shot by police in finland. police say they are trying to establish the motives behind the attack, but the interior minister likened it to the assaults in barcelona. two police officers have been shot dead in florida. there was a large police response to the shootings. the incident occurred in the city of kissimmee, south of orlando. one person is in custody. it is unclear whether officers were reponding to a call when they were killed. it was not terror related. in all, six police officers have been shot in the united states in one night, two in pennsylvania and another two in jacksonville, florida. more than 460 people are now confirmed to have died in the landslide and flooding that hit sierra leone's capital freetown, according to the red cross. around 600 are still missing. the bbc‘s martin patience reports from freetown. the lush green hills of freetown dominate the city. but they can be
deadly when it rains. volunteer rescue teams are sifting through debris. we took away two dead bodies. one gentleman and a lady, this colourful lady. and there's also another dead body inside that we need these logs to be removed before we can access those dead bodies. but we don't have the equipment to cut off these logs so we can access this. so the body's just going to rot, then? yes, it's going to rot, yes. this neighbourhood was once home to dozens of families. it's lunch time now. mothers would be cooking, children would be coming home from school. it's now been completely wiped out. tempers are fraying. not enough aid is getting through. translation: we've got no drinking water. our well is contaminated.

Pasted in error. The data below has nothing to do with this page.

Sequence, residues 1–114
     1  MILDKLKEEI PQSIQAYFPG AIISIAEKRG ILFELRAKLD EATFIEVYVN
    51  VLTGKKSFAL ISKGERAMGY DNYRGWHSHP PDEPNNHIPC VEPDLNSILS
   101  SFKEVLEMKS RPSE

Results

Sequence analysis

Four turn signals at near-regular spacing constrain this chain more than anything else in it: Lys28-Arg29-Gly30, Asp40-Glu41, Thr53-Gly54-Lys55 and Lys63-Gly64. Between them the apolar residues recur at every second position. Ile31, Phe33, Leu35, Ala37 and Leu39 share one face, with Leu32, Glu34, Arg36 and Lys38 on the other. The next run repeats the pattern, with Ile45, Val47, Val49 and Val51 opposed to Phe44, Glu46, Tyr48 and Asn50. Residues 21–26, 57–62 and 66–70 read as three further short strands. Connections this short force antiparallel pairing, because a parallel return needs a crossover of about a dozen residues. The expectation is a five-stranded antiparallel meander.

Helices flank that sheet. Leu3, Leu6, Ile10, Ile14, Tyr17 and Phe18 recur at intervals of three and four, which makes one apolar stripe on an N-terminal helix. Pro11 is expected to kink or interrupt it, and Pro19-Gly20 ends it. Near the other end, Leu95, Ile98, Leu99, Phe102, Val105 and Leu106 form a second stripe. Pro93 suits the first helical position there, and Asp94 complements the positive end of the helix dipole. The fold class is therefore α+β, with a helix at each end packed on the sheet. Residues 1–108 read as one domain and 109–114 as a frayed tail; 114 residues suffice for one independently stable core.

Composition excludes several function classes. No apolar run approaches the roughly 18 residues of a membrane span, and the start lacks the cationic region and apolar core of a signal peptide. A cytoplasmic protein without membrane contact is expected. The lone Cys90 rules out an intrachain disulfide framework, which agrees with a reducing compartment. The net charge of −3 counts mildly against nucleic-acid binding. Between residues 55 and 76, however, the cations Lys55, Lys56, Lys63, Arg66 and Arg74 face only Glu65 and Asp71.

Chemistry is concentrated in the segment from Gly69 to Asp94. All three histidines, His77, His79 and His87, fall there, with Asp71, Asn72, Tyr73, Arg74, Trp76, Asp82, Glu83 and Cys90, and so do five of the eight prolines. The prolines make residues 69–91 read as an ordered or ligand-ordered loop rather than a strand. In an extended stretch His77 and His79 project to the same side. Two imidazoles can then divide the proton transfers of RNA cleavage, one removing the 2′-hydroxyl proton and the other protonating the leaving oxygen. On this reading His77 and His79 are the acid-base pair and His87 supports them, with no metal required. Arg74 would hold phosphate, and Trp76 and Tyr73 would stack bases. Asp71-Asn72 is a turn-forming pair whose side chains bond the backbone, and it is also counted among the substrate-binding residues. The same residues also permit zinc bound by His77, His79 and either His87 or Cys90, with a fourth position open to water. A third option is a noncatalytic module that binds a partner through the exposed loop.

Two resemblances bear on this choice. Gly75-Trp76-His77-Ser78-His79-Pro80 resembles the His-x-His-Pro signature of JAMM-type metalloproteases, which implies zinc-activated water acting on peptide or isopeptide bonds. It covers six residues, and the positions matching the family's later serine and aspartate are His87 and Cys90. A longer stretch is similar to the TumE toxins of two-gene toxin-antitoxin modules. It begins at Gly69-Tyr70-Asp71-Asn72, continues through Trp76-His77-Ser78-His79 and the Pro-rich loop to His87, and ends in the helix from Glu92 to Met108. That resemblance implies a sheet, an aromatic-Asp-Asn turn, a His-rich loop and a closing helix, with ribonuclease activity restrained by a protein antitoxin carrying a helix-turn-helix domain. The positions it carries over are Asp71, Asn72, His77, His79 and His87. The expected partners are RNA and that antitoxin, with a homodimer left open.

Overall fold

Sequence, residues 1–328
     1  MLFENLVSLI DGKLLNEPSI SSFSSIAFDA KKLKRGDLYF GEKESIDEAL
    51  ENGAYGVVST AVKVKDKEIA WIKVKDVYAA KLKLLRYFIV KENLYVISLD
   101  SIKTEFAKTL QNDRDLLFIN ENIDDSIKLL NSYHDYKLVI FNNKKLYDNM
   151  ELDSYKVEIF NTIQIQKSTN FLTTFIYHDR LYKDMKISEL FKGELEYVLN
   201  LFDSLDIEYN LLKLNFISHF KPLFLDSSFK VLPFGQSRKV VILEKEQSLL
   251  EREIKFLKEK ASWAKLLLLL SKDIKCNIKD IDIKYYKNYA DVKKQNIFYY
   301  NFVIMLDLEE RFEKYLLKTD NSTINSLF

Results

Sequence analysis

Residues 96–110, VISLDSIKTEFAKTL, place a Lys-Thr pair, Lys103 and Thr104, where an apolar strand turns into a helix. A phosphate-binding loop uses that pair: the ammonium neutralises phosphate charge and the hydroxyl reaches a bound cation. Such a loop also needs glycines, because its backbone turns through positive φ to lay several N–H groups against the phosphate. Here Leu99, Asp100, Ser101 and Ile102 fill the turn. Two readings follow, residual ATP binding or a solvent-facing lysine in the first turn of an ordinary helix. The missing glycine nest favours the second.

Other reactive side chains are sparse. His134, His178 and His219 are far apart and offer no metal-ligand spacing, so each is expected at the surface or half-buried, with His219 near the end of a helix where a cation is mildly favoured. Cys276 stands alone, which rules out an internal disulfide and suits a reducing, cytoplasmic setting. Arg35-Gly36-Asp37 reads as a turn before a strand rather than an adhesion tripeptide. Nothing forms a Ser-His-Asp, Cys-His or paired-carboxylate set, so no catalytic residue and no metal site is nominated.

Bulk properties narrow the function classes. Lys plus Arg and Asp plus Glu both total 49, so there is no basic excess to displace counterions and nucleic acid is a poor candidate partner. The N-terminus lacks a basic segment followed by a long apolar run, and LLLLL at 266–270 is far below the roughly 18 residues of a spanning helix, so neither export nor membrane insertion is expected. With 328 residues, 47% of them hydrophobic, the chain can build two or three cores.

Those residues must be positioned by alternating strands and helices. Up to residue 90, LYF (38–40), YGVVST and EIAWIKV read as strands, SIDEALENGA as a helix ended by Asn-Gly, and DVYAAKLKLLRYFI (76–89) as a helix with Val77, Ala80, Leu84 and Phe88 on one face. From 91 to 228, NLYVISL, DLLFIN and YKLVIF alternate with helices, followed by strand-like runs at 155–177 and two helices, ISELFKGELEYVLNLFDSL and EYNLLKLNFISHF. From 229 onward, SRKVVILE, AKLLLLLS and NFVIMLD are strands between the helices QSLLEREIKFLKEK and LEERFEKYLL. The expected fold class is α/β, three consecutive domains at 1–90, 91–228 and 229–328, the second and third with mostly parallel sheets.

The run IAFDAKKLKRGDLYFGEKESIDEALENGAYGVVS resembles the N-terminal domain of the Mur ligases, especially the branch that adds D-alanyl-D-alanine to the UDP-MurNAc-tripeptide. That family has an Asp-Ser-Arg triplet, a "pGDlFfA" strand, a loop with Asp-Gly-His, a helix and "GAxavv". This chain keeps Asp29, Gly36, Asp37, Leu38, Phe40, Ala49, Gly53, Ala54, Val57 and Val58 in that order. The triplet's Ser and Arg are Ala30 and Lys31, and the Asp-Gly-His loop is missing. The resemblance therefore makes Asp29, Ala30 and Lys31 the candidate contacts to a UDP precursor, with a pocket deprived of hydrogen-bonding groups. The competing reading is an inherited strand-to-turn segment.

we think there may be body parts in it. a mass burial took place yesterday to prevent an outbreak of cholera. hundreds are still missing. for those that survived, there's no comfort, just grief. kadiatu kamara lost both parents. she doesn't know how she'll provide for her children. translation: we need help. the government needs to support us. we need housing, we need help to start up our businesses again. many are too young to know what they've lost. martin patience, bbc news, freetown. let's take a look at some of the other stories making news.
the former bbc news correspondent and presenter liz mackean has died at the age of 52. the award—winning journalist worked on newsnight for 1h years. before that, she presented on bbc breakfast. she was best known for her coverage of the jimmy saville scandal and the northern ireland conflict. professor stephen hawking says the nhs is in crisis because of conservative policies. the scientist will make the claims in a speech at the weekend. the lifelong labour supporter, who has motor neurone disease, will say he would not be here today were it not for the service. the government has defended its record. the entertainer michael barrymore has been told he's entitled to damages from essex police